Commentary — Sept 8, 2013
The Financial Times report linked below is the latest example of how disinformation is being dressed up and fed to the public in the guise of “journalism”.
Earlier last week an article entitled “Iran ex-president hints at divisions over support for Bashar a–Assad appeared in the Financial Times, which quoted Rafsanjani as saying:
“God bless the people of Syria . . . they were subjected to chemical weapons by their own government and now they have to expect a foreign invasion…”
Iran’s former president, has publicly denied making the comments attributed to him in the Financial Times article.
“Recent quotes (attributed) to me regarding Syria… are absolutely not true,”Rafsanjani was quoted as telling a crowd of war veteran families on Saturday.
Rafsanjani has also posted a denial that he made the statement on his own website. However, the Financial Times has yet to publish Rafsanjani’s denial or retract or amend the article in which the comments he is alleged to have made originally appeared.
To add insult to injury the following appears should you try to copy the FT report
“High quality global journalism requires investment. Please share this article with others using the link below, do not cut & paste the article…”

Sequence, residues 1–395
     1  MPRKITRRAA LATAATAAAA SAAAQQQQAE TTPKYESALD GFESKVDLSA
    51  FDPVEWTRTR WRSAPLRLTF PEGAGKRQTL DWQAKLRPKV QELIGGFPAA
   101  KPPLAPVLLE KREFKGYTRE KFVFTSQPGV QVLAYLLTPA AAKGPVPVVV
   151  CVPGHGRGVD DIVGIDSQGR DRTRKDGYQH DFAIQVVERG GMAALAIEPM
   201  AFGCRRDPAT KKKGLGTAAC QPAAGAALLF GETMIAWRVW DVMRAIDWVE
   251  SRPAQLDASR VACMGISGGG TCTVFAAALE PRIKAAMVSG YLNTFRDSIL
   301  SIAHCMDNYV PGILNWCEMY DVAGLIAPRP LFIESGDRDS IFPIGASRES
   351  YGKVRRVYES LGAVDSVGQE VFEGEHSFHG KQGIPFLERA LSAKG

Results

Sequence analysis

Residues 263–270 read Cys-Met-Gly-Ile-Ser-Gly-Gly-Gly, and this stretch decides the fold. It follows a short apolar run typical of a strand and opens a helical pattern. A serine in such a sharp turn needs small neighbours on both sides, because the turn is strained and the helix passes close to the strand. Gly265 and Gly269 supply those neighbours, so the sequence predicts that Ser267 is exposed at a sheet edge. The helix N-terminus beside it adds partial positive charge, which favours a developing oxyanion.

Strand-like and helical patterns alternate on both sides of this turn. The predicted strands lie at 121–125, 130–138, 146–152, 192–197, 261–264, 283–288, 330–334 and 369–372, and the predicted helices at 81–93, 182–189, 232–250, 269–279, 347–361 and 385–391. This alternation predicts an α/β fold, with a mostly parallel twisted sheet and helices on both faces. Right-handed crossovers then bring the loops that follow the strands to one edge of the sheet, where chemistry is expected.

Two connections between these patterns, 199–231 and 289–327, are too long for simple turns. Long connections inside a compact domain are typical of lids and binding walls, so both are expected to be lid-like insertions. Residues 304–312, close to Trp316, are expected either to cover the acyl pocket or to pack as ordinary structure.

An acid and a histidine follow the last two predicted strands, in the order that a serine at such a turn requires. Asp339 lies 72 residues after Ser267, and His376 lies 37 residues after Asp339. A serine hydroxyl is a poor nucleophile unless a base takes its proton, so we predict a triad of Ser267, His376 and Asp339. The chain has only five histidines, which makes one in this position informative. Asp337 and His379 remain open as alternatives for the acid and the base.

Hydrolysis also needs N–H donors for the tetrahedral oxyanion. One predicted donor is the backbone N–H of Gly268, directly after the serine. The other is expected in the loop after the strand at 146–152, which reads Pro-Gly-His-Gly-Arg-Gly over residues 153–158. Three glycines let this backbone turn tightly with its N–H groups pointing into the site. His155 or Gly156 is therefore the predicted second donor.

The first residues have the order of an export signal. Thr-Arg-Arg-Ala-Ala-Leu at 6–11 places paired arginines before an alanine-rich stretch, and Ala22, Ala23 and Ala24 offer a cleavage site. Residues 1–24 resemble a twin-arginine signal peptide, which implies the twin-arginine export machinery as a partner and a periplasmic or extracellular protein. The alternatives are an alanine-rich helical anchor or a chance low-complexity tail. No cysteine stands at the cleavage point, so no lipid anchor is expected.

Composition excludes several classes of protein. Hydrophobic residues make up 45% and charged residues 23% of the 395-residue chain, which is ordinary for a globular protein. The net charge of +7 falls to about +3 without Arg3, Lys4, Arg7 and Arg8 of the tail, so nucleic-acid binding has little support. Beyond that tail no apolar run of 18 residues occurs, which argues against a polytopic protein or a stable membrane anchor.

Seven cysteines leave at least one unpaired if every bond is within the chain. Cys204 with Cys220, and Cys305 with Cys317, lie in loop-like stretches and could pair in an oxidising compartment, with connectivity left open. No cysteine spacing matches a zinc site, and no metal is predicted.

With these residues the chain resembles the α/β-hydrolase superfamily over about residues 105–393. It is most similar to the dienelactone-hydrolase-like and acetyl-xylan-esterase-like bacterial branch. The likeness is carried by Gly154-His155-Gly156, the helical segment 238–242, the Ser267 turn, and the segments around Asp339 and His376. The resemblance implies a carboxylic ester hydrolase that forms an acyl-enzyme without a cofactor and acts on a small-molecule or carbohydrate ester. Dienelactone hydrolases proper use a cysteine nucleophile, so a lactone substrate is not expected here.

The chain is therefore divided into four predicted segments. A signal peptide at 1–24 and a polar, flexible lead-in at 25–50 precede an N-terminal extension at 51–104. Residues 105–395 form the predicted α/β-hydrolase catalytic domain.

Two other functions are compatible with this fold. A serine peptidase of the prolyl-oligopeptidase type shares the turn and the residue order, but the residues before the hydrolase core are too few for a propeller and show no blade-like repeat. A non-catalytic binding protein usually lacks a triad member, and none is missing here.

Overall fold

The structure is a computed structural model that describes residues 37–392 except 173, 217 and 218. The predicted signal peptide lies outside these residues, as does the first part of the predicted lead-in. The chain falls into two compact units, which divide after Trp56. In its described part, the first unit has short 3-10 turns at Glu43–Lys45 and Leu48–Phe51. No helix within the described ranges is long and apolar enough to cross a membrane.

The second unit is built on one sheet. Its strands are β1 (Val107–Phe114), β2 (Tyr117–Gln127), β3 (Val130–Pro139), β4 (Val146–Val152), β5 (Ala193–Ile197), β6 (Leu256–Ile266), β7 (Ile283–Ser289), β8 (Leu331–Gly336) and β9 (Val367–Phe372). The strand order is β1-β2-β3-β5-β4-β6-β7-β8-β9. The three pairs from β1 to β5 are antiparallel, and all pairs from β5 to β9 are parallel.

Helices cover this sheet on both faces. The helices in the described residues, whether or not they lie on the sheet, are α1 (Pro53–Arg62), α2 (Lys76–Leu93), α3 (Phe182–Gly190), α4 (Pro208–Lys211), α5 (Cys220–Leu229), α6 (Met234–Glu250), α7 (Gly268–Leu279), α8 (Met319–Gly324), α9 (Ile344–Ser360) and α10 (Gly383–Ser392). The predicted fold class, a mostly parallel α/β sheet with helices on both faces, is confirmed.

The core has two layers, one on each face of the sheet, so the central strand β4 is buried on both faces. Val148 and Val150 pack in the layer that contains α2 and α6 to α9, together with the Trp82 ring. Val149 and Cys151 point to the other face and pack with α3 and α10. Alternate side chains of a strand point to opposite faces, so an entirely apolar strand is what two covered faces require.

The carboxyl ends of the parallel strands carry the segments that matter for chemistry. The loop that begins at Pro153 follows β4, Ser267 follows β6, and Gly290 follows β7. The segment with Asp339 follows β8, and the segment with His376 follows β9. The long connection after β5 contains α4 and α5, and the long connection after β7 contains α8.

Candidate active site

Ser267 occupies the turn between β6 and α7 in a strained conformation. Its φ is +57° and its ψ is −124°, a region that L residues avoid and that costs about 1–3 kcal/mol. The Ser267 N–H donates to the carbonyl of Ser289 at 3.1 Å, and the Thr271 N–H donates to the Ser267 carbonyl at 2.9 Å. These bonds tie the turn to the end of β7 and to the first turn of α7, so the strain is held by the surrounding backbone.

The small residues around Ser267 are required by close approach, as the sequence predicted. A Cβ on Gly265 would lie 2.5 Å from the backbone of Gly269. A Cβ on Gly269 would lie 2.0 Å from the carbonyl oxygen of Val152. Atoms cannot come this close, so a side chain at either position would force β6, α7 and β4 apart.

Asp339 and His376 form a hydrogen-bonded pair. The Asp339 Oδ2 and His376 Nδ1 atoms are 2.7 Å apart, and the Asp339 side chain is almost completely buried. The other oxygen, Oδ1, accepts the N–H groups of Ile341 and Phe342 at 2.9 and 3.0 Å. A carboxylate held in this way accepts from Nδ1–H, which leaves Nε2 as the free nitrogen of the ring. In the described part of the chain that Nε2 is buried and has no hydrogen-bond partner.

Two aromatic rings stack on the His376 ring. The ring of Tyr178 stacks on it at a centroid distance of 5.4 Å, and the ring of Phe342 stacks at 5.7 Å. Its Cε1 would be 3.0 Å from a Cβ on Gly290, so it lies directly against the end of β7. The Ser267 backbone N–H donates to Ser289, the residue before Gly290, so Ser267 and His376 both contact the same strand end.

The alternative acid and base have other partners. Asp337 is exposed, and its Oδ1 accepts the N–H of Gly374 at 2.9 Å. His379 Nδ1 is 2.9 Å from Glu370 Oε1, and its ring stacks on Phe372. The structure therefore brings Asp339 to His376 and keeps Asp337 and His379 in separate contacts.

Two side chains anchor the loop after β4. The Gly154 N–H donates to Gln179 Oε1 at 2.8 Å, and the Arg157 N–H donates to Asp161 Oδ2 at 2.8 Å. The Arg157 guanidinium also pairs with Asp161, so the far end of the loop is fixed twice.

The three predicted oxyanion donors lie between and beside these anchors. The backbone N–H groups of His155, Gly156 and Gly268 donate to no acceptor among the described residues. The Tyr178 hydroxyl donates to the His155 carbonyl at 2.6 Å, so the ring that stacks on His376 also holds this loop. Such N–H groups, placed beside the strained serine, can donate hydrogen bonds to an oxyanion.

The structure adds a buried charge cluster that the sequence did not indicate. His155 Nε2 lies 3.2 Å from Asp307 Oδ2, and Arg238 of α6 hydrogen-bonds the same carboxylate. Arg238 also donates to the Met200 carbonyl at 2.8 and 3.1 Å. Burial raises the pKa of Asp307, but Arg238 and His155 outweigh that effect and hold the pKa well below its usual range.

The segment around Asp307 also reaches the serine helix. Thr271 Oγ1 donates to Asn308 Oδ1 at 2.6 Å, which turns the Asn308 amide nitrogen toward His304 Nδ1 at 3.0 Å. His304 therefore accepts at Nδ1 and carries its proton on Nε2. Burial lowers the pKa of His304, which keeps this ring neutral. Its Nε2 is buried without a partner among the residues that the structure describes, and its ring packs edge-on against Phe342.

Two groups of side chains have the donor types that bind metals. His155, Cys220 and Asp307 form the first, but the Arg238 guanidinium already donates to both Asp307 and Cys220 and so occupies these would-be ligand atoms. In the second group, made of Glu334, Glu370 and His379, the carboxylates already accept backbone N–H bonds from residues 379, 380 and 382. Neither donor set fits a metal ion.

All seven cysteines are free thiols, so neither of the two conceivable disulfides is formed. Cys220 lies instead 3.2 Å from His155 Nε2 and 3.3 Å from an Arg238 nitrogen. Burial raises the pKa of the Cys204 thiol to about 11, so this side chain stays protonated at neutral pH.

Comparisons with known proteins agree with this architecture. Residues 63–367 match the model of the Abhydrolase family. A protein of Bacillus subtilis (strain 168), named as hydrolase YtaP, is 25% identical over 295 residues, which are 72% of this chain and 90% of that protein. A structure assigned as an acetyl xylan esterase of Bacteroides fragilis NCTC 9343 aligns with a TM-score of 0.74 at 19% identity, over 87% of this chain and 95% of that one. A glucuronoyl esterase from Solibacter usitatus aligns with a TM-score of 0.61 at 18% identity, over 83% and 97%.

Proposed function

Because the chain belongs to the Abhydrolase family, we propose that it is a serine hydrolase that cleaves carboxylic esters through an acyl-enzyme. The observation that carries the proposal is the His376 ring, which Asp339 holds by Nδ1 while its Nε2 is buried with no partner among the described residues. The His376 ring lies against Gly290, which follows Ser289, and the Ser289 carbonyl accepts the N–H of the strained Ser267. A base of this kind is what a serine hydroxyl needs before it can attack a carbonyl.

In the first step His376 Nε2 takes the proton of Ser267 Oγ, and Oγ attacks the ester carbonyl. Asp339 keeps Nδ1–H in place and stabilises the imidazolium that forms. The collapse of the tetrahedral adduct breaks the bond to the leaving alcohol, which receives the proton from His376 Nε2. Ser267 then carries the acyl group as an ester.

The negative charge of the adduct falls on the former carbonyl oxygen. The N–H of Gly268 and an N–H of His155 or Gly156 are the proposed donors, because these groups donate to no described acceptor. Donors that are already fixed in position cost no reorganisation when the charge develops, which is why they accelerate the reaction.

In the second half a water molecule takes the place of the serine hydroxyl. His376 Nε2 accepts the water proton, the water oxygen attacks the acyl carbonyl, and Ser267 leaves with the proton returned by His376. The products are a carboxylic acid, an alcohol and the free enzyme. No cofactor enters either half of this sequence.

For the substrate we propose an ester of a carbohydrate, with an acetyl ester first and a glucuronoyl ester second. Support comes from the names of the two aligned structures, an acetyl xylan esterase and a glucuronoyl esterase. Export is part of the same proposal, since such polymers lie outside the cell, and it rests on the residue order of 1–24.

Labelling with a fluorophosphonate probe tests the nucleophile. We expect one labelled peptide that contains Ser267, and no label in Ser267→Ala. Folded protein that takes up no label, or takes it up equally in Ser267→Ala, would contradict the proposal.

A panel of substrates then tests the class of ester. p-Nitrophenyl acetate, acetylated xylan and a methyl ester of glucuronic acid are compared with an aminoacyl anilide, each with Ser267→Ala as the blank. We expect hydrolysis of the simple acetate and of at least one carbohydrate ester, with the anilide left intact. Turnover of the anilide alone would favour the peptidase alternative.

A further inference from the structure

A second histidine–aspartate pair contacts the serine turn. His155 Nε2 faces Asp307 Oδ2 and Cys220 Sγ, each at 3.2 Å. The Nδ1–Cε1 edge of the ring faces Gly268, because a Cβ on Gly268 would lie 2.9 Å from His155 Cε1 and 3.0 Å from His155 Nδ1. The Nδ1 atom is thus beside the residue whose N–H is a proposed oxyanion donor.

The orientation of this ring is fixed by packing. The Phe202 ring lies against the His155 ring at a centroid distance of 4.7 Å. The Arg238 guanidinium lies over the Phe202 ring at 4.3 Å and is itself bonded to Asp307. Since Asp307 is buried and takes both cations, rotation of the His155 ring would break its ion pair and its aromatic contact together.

So much for the FT’s idea of “High quality global journalism”.
The comments attributed to Rafsanjani seem intended to add weight to arguments that the Syrian government was behind the recent chemical weapons attack on its own people. Despite the fact that strong evidence exists in both video and photographic format that the so-called “Syrian rebels” were behind the atrocity.
True to form, the corporate Western media has completely ignored these indications pointing to the involvement of supposed “Syrian rebels”. Nor is this the only example of the corporate media presenting a distorted account of events in Syria.
The BBC recently reported that the Syrian Air Force appeared to be dropping incendiary bombs on a children’s playground, leaving “scores of children with napalm like burns”.
As yet no other evidence has emerged to corroborate the BBC claim. Nor have any other independent reports appeared to confirm it. Although numerous other reports have cited the BBC claim, and in some cases treated it almost as if it were an established fact.
In effect, large elements of the established media appear to be conducting a campaign to portray the regime of President Assad in the worst possible light. Using unverified claims and factual distortion to argue that “something must be done”. Essentially making the case for military action against President Assad.
If this sounds tiresomely familiar it should, for this is not without precedent. Almost a decade ago the Western media was performing a similar routine over Saddam Hussein and his “Weapons of Mass Destruction”. Remember them? The fabled WMD that were used to justify the invasion of Iraq and which were subsequently found to be largely the product of journalist’s imagination.
Will this media generated disinformation work again? Will it convince a war weary public of the need to punish Assad? Judging by recent surveys the British public has yet to be convinced, and we will know soon enough if the U.S. Congress can be persuaded.